Lately I hadn’t been meeting JP’s eyes much. Lately I hadn’t been meeting anyone’s eyes much.
That morning had started the same as any other. I’d slept late, just as I had every morning for the past four months, having cultivated the habit of spending the wee small hours staring down the smooth bores of a double-barrelled malt. An expensive game of Russian roulette, given that my father and both of his brothers should have been buried in a pickle jar rather than a coffin, but those hard little shots of Black Bush blew my brains out every night, allowing me to forget, for those few sainted hours, that I didn’t have the balls to take it all the way.
I crawled from my pit and brewed some coffee, spent half-an-hour shuffling around feeding the hangover with juices and effervescent potions. I can’t even remember if I heard the slap of the post landing on the mat in the hall.
The doorbell rang. Then again, and again. In the empty house the cheery ding-dong sounded coarse, profane.
‘Christ’s sake, Frankie,’ I muttered. ‘Just leave it in the box.’
I got a lot of parcels and packages, books mainly, but CDs and DVDs too, most of them too bulky to fit through the letterbox. Hence the toolbox I’d left beside the doorstep, so Frankie wouldn’t have to roust me away from the desk every morning.
The bell rang again.
I was in a pretty foul mood when I flung open the door on an unseasonably mild day.
‘Ah, there you are,’ Frankie said, glancing up from scribbling a note. He’s a chirpy sod at the best of times, which was another reason I’d been trying to avoid him lately, especially first thing, but that morning he was revelling in the warm weather like only a postman can. He crumpled the note and handed over the package. ‘You never know,’ he beamed, ‘it might even be worth something.’
I signed for it with shaking hands while Frankie warned that April, when it comes in like a lamb, goes out like a lion.
‘I think that’s March, actually. Take care, Frankie.’
Back inside I tossed the post and parcel on the kitchen table, popped the kettle on. Dropped a brace of Nurofen. There being nothing else to do while the kettle boiled, and presuming from its tasteful black wrapping and gilt bow that it was the latest funky marketing ploy, I opened the parcel.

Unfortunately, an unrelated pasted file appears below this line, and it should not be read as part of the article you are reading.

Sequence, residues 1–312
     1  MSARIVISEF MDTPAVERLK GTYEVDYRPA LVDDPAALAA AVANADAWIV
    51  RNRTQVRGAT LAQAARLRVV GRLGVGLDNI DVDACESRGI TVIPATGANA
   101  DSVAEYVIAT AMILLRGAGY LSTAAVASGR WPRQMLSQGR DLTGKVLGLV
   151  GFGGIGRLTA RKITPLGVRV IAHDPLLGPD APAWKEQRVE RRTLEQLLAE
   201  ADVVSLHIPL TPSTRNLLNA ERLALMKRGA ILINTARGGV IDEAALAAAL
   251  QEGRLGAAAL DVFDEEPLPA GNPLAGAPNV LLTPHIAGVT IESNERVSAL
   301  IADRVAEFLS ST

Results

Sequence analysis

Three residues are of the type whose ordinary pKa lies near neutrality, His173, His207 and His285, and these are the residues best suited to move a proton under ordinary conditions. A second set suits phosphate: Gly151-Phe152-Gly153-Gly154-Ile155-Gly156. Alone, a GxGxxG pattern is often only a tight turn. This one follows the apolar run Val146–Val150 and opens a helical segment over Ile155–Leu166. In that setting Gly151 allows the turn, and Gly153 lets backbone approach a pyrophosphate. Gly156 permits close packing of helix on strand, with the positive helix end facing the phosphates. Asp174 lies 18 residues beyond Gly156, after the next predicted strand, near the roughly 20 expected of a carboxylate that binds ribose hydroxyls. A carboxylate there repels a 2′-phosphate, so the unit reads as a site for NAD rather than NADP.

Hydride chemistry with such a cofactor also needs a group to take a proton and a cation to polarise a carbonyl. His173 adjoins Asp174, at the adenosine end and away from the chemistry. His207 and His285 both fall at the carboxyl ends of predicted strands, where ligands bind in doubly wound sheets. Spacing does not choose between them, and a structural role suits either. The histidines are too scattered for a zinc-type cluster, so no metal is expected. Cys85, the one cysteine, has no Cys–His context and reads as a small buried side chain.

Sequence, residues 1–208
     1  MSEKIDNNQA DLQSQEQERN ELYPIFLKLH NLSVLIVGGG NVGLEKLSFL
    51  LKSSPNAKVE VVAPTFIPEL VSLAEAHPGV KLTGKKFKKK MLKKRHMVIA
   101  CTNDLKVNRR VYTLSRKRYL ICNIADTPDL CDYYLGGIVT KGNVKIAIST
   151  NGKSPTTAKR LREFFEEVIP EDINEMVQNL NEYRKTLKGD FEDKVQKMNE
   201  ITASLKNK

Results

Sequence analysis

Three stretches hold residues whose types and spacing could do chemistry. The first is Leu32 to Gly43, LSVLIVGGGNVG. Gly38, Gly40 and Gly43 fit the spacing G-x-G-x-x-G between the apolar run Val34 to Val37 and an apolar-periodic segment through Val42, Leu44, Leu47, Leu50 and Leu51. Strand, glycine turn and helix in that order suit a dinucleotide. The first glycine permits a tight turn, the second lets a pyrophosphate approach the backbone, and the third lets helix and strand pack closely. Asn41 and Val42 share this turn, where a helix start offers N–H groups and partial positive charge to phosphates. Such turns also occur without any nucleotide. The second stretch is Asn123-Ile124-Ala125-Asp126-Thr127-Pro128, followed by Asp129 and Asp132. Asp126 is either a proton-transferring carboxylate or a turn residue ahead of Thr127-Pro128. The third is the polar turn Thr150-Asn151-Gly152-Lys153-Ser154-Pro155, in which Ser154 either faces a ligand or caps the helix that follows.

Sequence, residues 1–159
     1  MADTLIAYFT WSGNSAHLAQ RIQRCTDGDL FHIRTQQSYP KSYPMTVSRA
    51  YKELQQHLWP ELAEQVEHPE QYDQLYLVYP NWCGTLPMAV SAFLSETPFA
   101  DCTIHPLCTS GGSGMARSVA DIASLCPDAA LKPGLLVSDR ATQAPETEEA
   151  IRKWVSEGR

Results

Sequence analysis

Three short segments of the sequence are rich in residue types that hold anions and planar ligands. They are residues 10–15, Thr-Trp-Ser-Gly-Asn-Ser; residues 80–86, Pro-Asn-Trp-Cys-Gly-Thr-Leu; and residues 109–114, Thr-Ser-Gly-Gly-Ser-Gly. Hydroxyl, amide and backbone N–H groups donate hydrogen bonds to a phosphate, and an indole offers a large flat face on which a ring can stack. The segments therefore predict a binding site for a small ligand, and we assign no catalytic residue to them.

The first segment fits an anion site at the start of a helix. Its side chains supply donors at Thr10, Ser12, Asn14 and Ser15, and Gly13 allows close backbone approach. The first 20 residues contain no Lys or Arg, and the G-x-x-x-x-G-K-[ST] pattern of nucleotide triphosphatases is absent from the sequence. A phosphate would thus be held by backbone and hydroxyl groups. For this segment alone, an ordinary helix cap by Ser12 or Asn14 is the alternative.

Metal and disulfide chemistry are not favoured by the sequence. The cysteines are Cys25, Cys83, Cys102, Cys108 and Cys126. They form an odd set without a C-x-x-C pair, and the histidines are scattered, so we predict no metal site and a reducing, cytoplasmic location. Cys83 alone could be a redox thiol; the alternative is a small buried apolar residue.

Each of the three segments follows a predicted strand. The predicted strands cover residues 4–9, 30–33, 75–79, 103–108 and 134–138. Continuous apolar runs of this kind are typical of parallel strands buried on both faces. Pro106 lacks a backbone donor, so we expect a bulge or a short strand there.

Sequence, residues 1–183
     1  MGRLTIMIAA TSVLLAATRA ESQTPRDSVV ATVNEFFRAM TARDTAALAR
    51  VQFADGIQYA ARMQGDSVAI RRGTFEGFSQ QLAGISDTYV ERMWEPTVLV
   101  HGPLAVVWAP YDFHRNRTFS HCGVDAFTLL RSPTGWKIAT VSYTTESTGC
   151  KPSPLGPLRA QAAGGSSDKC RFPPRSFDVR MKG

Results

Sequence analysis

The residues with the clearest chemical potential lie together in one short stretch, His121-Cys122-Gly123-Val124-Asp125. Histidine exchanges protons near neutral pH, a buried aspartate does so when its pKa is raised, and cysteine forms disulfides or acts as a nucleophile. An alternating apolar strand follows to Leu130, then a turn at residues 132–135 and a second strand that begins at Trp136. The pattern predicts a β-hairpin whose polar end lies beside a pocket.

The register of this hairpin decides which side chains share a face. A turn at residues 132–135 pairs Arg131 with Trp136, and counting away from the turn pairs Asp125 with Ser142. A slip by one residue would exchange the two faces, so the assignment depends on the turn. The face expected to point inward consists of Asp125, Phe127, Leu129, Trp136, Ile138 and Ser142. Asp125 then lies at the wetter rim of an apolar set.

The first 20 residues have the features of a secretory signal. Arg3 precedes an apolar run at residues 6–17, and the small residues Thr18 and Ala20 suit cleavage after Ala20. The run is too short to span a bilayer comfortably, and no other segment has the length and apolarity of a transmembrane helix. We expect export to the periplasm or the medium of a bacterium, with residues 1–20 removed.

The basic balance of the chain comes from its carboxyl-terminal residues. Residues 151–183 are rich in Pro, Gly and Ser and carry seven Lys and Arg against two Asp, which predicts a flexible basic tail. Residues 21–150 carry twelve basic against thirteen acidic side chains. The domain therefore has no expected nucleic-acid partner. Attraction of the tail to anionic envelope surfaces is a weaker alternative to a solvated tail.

It was a small cube, a ring box. Inside the box, plush red velvet. Embedded in the velvet was the bullet, polished to a gleaming finish.
At first I thought it was one of those stupid cufflinks.
When I realised what it was, my first thought was how innocent it looked. A little poignant, even. A bullet is what it is, sure. But it doesn’t have much say in what it does or where it goes.
Like a new-born infant, blind and swaddled in its red velvet.
I’d picked it up before it occurred to me to think about fingerprints. Maybe I already knew there wouldn’t be any prints. Not after all the trouble they’d taken, the macabre artifice of it. Sending it by registered post. The gilt bow, the plush velvet. Carving my name.
There was more.
A note, folded carefully into squares so that it fit snug under the velvet.
I am so, so sorry. Please forgive me. But no one else can understand how this feels. How pointless. I love you all. x DanI refolded the note, put it back under the velvet. Replaced the bullet. Got up and made myself a coffee and found my phone and came back to the table and sat there looking at my name, etched black into silver.
I sat at the kitchen table looking at that bullet for a long, long time. Sunshine lancing down through the blinds. The coffee went cold. I don’t know how many cigarettes I smoked.
I should have been scared. Even if the booze had burned off every last cell, some instinct should have kicked in.
But all I could think was that they’d be doing me a favour.
Eventually, and because I didn’t know what to do with the bullet - Put it away with the cutlery? An ornament for the top of the TV? - I’d rung JP.
‘Do I get protection?’ I said.
‘What d’you mean, for what? They’ve sent me a bullet.’
‘Sure. As a warning, what’ll happen if you make a statement. But you’re not making one, so you’ve nothing worry about.’
‘Except they don’t know I’m not making one.’
‘They don’t, no. But if you don’t make the statement, they’ve no reason to follow through. Like the bullet says, if you want peace …’
‘You think these fuckers know Latin?’
‘They know bullets.’ He sipped some espresso. ‘Hey,’ he said. ‘You think there’s a message in there?’
‘Dan None. As in, “And then there were none.”’
‘Forget about my name, JP. Focus on the fucking bullet.’
‘Okay,’ he said. ‘If you want I can make some calls, see if I can get a squad car to drive by the house once in a while. But if you think they’re going to blow the overtime budget stationing a guy at your front door …’
‘You’re saying I’m not worth it.’
‘I’m saying it’s about priorities.’
‘So if I want protection, I need to put myself in danger first.’
‘That’s one way of looking at it. You’re meeting them halfway.’
‘What’s the other way?’
He drained his espresso, met my eye. ‘If you want the cold truth, Dan, they think you’re a waste of space. Holing up under a rock, drinking yourself stupid …’ He shrugged. ‘It’s like the man says, if you’re not part of the solution, you’re part of the problem. And you’re the guy can make this case work. All you need to do is put Anto Whelan at the scene and it all clicks. Maybe the case won’t stick, I don’t know. But they’re looking at you, this guy who’s lost his wife and child, and they just don’t understand why you’re not working with them. And now you’re looking for protection?’ He shook his head. ‘The way Brady’s thinking, he should be slapping restraining orders on you, maybe keep you under house arrest for your own good in case you do something stupid like wander off looking for Anto Whelan on your tod.
‘I’ll tell you something else,’ he said. He folded his arms and leaned in again. Staring down at the table, like he was the bearer of news no one should ever have to hear. ‘I know how these scumbags think,’ he said. ‘And there’s every chance that this,’ he nudged the ring box with a knuckle, ‘isn’t meant as a threat.’
‘Well,’ he said, ‘I’d say they’re already pretty sure you’re too chickenshit to testify if it ever goes to court, because if you were going to make a statement you’d have made it already.’
‘So what is it?’
‘Ever seen that movie, The Four Feathers?’
© Declan Burke, 2010